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Judge FREEDMAN of the United States District Court for the Eastern District of Pennsylvania, disposed of a contention similar to the one advanced by the appellee here, in the following language: "Nor do I think the variance in the language of the Pennsylvania statute from that of some other states which limit the stipulated price to a minimum price is any indication of a legislative purpose to require that in all fair trade cases in Pennsylvania the manufacturer or producer must, to obtain the benefits of the Act, fix a maximum as well as a minimum price. This is demonstrated by the absence of any proscription in the Pennsylvania Act against a sale above the stipulated price, although a sale below the stipulated price is declared unlawful § 2, 73 P.S. § 8) ... The Miller-Tydings amendment excepted from the Sherman Act fair trade contracts 'prescribing minimum prices.' If 'a price stipulated' in a fair trade contract, under Pennsylvania's Fair Trade Act adopted in 1935, is something different from or less than 'minimum prices', then the Pennsylvania statute was never made effective by the Federal authorization. One must recoil from such a conclusion, so at war with the unbroken line of Pennsylvania authority." (Emphasis in original decision).*fn2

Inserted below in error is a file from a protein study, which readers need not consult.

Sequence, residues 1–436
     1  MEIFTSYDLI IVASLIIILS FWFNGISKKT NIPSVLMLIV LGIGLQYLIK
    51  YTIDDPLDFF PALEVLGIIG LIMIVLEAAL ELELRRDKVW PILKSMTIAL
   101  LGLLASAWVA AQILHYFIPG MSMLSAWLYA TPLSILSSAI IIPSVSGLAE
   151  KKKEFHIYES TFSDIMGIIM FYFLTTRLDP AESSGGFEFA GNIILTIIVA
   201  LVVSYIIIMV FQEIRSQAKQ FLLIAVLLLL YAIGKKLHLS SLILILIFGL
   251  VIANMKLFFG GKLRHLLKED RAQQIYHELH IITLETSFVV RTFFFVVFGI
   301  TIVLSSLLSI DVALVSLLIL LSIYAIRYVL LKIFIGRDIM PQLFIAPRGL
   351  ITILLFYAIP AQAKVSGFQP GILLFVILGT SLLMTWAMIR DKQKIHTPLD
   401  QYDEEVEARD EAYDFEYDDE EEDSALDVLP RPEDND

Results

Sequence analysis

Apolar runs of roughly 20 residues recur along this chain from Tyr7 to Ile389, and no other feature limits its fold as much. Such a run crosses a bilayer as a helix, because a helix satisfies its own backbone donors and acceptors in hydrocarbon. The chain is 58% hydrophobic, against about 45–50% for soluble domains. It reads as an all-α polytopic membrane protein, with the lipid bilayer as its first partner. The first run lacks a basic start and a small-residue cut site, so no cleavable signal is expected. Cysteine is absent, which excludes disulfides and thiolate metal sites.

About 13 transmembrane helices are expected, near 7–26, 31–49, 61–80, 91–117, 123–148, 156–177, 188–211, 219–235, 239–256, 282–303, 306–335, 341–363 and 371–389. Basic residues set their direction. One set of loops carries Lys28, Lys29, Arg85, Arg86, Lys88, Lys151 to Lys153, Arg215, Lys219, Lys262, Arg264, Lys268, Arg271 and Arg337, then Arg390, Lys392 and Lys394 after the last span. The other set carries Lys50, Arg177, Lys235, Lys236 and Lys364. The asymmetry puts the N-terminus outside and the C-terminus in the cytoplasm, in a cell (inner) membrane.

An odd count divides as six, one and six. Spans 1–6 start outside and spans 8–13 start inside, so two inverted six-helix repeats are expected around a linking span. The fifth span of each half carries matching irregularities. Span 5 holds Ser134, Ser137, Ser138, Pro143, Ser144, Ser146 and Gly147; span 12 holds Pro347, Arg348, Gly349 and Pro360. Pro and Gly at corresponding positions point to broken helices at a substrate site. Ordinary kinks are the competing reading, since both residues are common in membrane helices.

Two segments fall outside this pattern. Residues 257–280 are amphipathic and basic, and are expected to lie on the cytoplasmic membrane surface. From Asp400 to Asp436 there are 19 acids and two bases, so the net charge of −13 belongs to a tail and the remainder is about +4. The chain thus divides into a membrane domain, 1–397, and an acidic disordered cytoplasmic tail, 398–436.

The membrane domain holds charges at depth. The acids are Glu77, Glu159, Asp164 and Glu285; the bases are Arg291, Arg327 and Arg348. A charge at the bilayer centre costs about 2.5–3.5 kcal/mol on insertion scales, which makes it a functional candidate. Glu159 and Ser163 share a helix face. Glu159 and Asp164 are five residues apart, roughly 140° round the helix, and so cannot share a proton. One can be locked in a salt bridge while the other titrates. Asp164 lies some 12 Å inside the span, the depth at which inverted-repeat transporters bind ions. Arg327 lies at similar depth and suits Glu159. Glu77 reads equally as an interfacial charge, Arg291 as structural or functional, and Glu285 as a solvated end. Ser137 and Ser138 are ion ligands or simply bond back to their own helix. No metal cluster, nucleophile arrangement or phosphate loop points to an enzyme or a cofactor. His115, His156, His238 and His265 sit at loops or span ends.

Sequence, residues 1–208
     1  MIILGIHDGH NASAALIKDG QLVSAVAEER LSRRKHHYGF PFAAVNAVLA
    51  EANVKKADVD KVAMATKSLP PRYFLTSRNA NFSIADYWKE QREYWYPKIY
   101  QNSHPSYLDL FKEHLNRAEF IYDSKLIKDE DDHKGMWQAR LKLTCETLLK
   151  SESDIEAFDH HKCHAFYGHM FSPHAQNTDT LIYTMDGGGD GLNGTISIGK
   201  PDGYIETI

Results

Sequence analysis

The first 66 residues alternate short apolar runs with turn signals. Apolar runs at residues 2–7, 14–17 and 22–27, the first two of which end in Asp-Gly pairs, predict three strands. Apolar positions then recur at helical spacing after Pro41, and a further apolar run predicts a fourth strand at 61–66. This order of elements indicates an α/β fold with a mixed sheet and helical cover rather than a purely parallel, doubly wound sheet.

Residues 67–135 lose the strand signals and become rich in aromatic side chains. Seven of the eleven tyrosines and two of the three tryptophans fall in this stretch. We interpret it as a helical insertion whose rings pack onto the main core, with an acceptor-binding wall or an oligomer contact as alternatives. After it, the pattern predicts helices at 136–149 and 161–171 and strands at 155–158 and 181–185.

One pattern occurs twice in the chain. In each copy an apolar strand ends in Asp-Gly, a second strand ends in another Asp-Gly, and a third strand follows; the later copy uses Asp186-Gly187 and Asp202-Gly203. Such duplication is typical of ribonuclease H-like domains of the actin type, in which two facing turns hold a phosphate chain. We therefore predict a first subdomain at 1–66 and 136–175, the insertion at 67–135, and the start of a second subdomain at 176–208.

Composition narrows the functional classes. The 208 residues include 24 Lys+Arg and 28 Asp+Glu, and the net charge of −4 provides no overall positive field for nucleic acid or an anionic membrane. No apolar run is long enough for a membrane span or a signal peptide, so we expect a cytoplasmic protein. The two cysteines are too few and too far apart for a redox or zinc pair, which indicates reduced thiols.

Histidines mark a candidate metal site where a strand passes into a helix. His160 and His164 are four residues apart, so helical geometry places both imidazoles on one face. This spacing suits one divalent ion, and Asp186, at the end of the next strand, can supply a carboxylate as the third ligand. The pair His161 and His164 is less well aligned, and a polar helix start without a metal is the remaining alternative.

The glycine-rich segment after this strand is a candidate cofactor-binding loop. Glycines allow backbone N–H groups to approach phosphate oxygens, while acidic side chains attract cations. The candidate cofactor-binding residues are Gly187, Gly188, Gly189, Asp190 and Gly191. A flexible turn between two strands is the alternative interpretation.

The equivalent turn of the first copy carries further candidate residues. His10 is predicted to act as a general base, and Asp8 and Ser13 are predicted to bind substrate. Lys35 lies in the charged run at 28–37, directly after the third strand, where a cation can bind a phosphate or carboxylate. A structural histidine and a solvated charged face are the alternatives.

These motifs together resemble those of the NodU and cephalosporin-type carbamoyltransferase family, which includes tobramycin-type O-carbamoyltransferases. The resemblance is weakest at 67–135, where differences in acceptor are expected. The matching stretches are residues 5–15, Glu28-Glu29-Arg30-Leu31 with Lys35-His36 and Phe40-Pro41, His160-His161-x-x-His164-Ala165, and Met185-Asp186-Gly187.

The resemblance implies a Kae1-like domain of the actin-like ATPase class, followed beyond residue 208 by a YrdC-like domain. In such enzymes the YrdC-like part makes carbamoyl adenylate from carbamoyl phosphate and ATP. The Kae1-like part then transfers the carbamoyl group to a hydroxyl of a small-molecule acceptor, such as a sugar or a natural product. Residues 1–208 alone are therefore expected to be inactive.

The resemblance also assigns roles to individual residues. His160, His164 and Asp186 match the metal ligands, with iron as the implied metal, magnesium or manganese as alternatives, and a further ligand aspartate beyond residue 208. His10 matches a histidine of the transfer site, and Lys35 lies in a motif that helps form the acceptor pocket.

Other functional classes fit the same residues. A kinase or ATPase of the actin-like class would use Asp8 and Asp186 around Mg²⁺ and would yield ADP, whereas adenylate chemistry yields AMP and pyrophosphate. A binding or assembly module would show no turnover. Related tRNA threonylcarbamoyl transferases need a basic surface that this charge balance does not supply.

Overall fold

Mr. Chief Justice BELL, Mr. Justice COHEN and Mr. Justice ROBERTS dissent.
The decree of the court below is reversed, with a procedendo.